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Investment in higher education is essential for the future

Since November of last year, administrators, faculty, staff and students from community colleges and universities throughout Oregon have been busy meeting with legislators regarding the state’s investment in higher education.

Gov. John Kitzhaber has put forth a budget that earmarks $428 million for Oregon’s 17 community colleges for the 2013-2015 biennium. Those of us associated with the state’s community colleges have appreciated the positive direction of this budget — up from $395 million in the 2011-2013 biennium.

That said, our full-time enrollment over the past few years has skyrocketed: At Portland Community College alone, we’ve witnessed a 44 percent spike. The reality is that $428 million is insufficient to meet the needs of community college students across the state. As such, we were disappointed with the recent announcement from the co-chairs of the Ways and Means Committee that they had not recommended an increase to the governor’s budget for community colleges.

To prevent cuts to services and classes for our students, community colleges are continuing to lobby for a $510 million investment level from the state. At PCC, this funding level will enable the college to ensure student access and success, as well as improve our student outcomes and completions. Funding below this level will necessitate tuition increases, significant reductions in staffing and services, and cuts to programs that respond to business needs for a trained workforce.

Research indicates that communities that invest in higher education are more likely to have a prosperous economy, in part because those with higher education are more able to support themselves financially. The majority of family-wage jobs require education beyond high school.

Community colleges provide that pathway for many students, with career technical training for such jobs as nursing, machine manufacturing and welding. Additionally, community colleges offer transfer programs that serve as the gateway to universities and four-year institutions for thousands of our students.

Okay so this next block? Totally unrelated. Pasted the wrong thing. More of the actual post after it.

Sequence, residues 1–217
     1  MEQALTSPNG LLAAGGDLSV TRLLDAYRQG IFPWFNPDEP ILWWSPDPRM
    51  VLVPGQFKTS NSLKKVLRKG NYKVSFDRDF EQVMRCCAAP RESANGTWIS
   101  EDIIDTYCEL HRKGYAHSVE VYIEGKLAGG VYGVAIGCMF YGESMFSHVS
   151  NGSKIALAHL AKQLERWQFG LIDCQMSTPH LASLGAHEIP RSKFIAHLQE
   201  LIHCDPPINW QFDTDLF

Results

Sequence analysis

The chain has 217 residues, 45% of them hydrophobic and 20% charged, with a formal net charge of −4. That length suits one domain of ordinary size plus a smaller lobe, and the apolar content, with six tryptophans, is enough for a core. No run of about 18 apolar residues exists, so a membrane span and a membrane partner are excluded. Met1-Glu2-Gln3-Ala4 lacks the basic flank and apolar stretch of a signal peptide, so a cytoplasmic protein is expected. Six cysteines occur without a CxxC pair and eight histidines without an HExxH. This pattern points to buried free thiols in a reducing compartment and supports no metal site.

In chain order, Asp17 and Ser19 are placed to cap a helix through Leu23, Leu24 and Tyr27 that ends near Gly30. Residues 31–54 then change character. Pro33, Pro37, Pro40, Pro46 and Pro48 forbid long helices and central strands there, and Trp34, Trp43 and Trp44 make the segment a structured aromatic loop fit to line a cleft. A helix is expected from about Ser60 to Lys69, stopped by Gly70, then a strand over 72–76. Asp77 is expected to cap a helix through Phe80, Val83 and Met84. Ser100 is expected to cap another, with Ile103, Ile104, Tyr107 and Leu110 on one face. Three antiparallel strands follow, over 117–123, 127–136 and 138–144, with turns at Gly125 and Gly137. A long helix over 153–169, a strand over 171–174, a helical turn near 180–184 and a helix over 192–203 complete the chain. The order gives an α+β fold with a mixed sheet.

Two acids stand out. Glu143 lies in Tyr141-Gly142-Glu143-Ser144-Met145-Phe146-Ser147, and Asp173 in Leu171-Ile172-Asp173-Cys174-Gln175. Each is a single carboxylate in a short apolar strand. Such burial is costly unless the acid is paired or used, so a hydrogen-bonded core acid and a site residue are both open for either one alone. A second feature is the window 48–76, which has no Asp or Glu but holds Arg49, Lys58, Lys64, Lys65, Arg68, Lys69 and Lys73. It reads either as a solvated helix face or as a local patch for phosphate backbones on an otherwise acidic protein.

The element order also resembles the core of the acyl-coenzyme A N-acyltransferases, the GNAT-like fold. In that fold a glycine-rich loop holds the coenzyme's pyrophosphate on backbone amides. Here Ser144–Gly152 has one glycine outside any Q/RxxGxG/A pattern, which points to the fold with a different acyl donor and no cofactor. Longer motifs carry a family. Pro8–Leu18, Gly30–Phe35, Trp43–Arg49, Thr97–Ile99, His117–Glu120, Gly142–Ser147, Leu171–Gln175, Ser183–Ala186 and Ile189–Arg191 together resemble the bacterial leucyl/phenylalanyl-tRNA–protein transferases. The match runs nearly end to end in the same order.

For the past several years Oregon’s investment in higher education has declined significantly, in terms of the ratio of the budget to the number of students served. In fact, only four states — Colorado, New Hampshire, Vermont and Ohio — provide less taxpayer support per college student than Oregon, according to a recent report from the Association of State Higher Education Executive Officers.

As a means to make ends meet, several of Oregon’s community colleges have reluctantly approved tuition increases. This includes PCC. But we can’t continue to do this; we’ll be pricing students out of higher education if we continue down this path — and without community colleges, many of our students wouldn’t be able to attain education beyond high school or the careers that result from this education and training.

Furthermore, this will impede our ability to meet the governor’s “40-40-20” objective: That by 2025, 40 percent of the state’s adults have four-year college degrees, 40 percent have two-year degrees, and the remaining 20 percent have high school diplomas.

It is an ambitious target that will demand rethinking how we help students succeed at all levels along Oregon’s educational continuum.

To meet the 40-40-20 goal, community colleges must increase the number of its students who earn associate’s degrees and also the number that transfer to universities and four-year institutions. That requires keeping tuition rates affordable and maintaining investments and initiatives that improve student outcomes and ensure a quality education.

Now is the time to remind our legislators of the important role community colleges play in the state’s future and the negative impact a community college budget of $428 million will have on our students and our region. Portland Community College and representatives from Oregon’s 16 other community colleges will continue to advocate for a $510 million investment level — and we need your support.

To get involved, I encourage you to visit PCC’s newly launched microsite — opportunity.pcc.edu — for more information about the legislative session under way in Salem and to share your view about increased state investment in higher education.

Additionally, you can contact your legislative representative directly. If you’re unsure who your representative is, visit leg.state.or.us/findlegsltr, input your street address, and you’ll be able to find out.

We understand the importance of a trained, well-educated workforce to the prosperity and growth of our region’s businesses. Community colleges are uniquely poised to educate students, equipping them with skills to meet industry need and connecting-the-dots between secondary and post-secondary levels of education.

By sharing your voice and participating in the discussion, you’re enabling community colleges to continue creating an educated and trained workforce — one that will build a brighter future for Oregon.

Preston Pulliams is president of Portland Community College.



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